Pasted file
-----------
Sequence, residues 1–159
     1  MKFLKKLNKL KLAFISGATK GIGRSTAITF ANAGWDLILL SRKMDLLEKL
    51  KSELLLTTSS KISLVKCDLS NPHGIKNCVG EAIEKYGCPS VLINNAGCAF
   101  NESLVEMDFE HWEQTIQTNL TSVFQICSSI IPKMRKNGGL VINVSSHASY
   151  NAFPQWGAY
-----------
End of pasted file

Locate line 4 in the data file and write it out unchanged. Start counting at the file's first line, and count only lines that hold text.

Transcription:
   101  NESLVEMDFE HWEQTIQTNL TSVFQICSSI IPKMRKNGGL VINVSSHASY